Top Interior Design Project of the Week 

Jayne and Joan Michaels 

Designed by 2Michaels LLC

Photography by Trevor Tondo

The Apthorp, located on Broadway in New York City’s Upper West Side, is a historic 1908 block-long Italian Renaissance Revival building designed by architects Clinton & Russell for millionaire developer William Waldorf Astor, of Waldorf-Astoria fame. Designers Jayne and Joan Michaels were called upon to create a unique pied-à-terre for a couple who eagerly embraced the pair’s hunt for rare Modernist design pieces. The apartment was completely renovated, including all new finishes, with plasterwork and moldings in keeping with the original period architecture. The 2Michaels vision for the residence evolved while they perused images from Northern European artists; Vermeer in particular, and a plan took shape — keep the envelope simple to emphasize the classical architecture, source furnishings by German, Austrian and Scandinavian design masters with soft profiles and elegant stance, and punctuate with judiciously applied staccato bursts of bright color. The results speak for themselves — an artful and comfortable home that is the product of a virtuoso pair of designers.

In the living room, which boasts delicate classical plaster panel moldings and light flooding in from expansive windows, is the inspiration piece — the first purchase for the project — a canary-yellow Jacques Hauville adjustable-height Luminaire 800 floor lamp. This now-rare piece was designed for the 1950 Paris Salon Des Arts Ménagers, an exhibition to introduce new products featuring modern design to consumers. A vintage 1940s tufted slipper chair by Swedish designer Otto Schultz faces Danish designer Philip Arctander’s 1940s armchair produced by Nordisk Staal & Møbel Central, and the glass-topped coffee table is vintage 1950 by Gio Ponti. A mahogany writing desk by Swedish designer Josef Frank, circa 1940, is paired with a Nanna Ditzel “Sausage” chair upholstered in canary yellow. The mahogany and rattan stool is Model 967 by Josef Frank, and the side table is a vintage 1940s Scandinavian Modern design. A clean-lined contemporary sofa and a painterly touch with accessories and art completed the room to perfection.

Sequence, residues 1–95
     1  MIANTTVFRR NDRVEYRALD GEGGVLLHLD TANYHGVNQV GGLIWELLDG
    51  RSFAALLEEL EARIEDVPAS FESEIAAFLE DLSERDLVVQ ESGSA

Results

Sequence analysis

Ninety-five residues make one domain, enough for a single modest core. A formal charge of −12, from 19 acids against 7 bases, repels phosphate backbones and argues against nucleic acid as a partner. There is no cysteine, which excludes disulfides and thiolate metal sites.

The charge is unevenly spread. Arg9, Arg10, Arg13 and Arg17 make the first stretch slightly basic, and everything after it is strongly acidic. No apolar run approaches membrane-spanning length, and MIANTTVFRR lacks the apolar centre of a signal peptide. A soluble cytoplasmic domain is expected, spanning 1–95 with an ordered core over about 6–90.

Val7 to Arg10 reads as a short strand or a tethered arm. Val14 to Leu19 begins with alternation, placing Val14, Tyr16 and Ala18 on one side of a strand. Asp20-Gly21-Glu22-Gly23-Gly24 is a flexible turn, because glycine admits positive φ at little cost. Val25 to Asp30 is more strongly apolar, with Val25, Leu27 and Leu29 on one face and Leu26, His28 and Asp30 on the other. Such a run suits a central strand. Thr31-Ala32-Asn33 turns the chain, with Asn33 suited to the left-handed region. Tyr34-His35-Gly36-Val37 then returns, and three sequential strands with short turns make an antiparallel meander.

Left: The doorways to the rooms are arranged enfilade, or aligned, a classical architecture feature of the apartment that enhances flow and allow views through the length of the apartment. Here, the entryway, with original floor mosaic and a view into the living room. Right: A view from the dining room to the living room, with the graceful silhouette of a 1920s Austrian dining chair against creamy wall color.

The dining room features a contemporary dining table and chandelier, with a suite of 1920s Austrian dining chairs. The oil painting above the mantel is Weites Watt by German artist Kai Quedens.

Left: In the foyer, a Frits Henningsen 1940s settee, paired with an industrial style 1930s Swiss Bauhaus Embru Werke table featuring adjustable tiers, and a 1973 oil painting Sea Shore by Claude Aliotti, a French painter of Italian descent. Right: On another wall of the large hexagonal-shaped foyer, a cabinet by Otto Schultz, circa 1940s, with a meticulously curated selection of Finnish ceramics from the 1960s. The mosaic floors are original to the apartment.

Left: In the salon, a Pragh wingback lounge chair designed by Madsen & Schubel, circa 1950s. The table is by Danish designer Nanna Ditzel, circa 1960s and the rug is a custom flatweave from Doris Leslie Blau. On the table is a turned wood vessel by American master craftsman Ed Moulthrop. The black and white photography is from the owner’s collection of images of jazz and blues music legends, with portraits of Charlie Parker and Dizzy Gillespie, and Billie Holiday and her dog. Right: Another view of the salon from the living room, with plaster swag motif over the doorway. The sectional sofa is custom, the coffee table is by Philip and Kelvin Laverne, circa 1950s, and the floor lamp is a French design from the 1930s in the style of Jacques Adnet. Hanging above the sofa is a trio of photos from the owner's collection: Thelonious Monk, John Lee Hooker, and the fabled Columbia 30th Street Studio nicknamed “The Church”.